The steel mesh that surrounds us is by no means color-blind, and neither are the new forms of GPS monitoring. “In 2008, one out of nine young adult black men between the ages of twenty and thirty four—or approximately 11 percent of that population— was incarcerated in prison or jail in the United States. As of 2011, more than 2 million African American men were either behind bars or under correctional supervision (that is, had been arrested and processed by the criminal justice system and were on probation, on parole, or behind bars). That too represents about 11 percent of the total population of black men—one out of nine.” (235) And there are increasingly gender disparities in the carceral sphere: “The Immigrations and Customs Enforcement (ICE) field office in New York dramatically increased the number of women monitored by GPS-enabled ankle bracelets, up roughly 4,000 percent in 2104 alone, from 18 to 719.” (238)

Indeed, our digital world is becoming, for many, a steel mesh. “We watch and are watched, we knowingly strap surveillance devices on our bodies— and then some of us are arrested, some of us are disconnected, some of us are extracted.” (253) Yes, some of us, but of course, not all, and we tend to know who. As I suggested in my last post on the “Damn Daniel!” phenomenon, the digital space elides all kinds of race and class distinctions, but we need to resist that and bring it to the surface.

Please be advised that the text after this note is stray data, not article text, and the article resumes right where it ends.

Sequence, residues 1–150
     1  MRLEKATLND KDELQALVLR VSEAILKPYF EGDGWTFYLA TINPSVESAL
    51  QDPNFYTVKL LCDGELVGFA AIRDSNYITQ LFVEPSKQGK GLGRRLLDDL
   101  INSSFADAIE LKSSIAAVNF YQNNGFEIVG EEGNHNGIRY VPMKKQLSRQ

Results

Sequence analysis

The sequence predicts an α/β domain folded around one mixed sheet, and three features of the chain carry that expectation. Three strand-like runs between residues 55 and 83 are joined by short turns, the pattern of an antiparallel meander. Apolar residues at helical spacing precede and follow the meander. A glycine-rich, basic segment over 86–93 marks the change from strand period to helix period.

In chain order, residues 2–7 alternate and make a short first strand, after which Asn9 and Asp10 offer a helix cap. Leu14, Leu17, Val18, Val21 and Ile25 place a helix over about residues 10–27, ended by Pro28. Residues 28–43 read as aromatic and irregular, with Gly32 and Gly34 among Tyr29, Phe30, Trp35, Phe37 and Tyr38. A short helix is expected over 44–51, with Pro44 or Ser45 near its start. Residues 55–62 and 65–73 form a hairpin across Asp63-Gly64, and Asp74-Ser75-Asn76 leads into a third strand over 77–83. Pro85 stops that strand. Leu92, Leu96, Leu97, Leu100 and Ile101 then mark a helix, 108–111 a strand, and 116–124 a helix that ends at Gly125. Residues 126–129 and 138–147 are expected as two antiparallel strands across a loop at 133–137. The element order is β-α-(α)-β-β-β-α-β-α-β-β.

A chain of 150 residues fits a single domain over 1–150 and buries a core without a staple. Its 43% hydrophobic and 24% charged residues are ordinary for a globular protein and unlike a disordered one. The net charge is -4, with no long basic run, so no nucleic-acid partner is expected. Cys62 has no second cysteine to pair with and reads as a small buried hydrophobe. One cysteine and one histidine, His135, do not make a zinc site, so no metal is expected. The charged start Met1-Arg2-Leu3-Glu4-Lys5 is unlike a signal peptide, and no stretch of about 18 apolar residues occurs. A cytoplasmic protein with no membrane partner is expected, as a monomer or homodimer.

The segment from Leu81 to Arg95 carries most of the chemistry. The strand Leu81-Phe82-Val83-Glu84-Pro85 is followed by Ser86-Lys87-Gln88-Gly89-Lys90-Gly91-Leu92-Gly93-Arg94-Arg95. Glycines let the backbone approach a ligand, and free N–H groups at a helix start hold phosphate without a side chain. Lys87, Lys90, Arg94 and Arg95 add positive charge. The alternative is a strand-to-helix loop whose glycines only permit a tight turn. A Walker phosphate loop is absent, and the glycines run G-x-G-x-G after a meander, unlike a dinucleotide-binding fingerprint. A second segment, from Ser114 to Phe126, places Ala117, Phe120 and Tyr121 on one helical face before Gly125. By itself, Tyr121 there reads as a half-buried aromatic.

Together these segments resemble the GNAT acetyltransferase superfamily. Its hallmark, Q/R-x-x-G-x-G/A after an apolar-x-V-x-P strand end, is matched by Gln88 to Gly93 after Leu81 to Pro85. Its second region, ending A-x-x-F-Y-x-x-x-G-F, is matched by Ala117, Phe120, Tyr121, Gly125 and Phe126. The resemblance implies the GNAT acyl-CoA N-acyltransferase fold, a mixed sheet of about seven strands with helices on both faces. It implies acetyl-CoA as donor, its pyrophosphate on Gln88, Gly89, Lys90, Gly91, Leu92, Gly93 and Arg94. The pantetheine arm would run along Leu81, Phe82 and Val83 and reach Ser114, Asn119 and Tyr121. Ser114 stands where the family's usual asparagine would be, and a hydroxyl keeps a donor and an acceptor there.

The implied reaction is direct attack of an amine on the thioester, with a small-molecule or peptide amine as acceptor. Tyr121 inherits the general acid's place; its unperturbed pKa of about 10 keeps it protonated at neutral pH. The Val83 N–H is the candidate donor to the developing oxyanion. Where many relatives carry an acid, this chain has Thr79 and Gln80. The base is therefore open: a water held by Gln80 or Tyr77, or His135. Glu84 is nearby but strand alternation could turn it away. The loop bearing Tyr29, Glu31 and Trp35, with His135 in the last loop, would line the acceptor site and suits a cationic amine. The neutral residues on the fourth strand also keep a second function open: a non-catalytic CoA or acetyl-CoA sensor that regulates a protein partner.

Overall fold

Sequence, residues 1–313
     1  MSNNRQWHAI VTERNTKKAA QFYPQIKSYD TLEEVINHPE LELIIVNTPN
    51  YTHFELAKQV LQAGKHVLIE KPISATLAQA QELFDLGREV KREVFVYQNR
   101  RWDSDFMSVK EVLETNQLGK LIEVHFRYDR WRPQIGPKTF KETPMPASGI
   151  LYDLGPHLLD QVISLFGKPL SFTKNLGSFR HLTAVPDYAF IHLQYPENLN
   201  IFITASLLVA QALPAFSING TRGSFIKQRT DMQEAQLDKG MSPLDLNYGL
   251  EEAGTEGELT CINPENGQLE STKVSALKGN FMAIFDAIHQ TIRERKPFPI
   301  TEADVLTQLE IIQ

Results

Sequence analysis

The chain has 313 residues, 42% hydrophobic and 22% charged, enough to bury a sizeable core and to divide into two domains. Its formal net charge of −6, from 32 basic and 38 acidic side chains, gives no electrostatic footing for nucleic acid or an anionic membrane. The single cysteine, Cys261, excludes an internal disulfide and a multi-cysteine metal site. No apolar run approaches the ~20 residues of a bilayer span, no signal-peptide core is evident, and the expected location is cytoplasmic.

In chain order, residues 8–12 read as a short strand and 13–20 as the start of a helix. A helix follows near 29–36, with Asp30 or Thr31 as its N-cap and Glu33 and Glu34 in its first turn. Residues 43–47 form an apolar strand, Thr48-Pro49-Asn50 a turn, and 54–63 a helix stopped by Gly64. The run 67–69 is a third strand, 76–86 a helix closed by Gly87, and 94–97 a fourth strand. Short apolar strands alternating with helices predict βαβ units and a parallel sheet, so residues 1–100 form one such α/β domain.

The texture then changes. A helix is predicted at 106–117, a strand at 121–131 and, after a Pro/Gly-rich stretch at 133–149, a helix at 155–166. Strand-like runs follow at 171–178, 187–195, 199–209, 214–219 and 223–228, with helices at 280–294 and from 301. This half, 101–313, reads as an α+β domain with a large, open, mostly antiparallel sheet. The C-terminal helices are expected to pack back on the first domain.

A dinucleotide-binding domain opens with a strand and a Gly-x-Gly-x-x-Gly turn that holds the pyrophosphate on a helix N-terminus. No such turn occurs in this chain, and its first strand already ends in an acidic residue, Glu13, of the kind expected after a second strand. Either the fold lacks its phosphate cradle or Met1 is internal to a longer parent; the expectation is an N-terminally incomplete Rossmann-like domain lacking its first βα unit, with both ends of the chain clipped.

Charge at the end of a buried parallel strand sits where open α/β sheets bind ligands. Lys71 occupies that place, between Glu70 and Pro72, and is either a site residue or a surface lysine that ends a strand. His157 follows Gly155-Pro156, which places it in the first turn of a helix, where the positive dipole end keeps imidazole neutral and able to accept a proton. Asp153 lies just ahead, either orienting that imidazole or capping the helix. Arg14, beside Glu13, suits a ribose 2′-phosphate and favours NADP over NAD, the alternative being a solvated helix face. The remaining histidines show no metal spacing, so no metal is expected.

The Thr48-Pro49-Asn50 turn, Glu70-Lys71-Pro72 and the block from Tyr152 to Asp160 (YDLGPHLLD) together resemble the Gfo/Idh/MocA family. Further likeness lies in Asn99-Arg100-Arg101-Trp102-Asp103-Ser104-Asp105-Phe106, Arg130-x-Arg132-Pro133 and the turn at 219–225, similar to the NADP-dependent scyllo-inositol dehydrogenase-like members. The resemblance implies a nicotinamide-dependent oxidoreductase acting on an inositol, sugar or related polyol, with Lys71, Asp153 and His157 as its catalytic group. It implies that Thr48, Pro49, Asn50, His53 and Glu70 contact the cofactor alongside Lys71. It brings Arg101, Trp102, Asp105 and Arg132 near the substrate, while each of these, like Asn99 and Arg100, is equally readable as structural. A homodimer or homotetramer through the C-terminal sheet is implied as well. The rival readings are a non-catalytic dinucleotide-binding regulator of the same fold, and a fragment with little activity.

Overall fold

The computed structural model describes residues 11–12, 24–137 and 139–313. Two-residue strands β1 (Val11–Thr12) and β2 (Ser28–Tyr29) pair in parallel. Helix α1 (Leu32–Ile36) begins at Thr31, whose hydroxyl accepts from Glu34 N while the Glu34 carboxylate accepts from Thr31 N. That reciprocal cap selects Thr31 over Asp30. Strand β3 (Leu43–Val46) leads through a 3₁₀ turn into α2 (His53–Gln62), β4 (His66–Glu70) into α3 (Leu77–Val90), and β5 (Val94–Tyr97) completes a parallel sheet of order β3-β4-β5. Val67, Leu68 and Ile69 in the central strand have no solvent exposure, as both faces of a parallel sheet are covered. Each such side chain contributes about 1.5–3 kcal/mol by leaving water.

Despite all the unequal exposure, we need to speak as a “we,” not as that “they” that Franks concludes with. Not only because even those of us who are being surveilled and punished are at times exposing ourselves and also watching others, but because it is only as a “we” that we will be able to address the excesses of our expository society, each and every one of us—us digital subjects, with our desires and our disobedience.

This has been a thrilling symposium and I thank my interlocutors—Lisa Austin, Ann Bartow, Mary Ann Franks, Solangel Maldonado, Frank Pasquale, David Pozen, and Daniel Solove—immensely. I have learned a lot.

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Unequal Exposure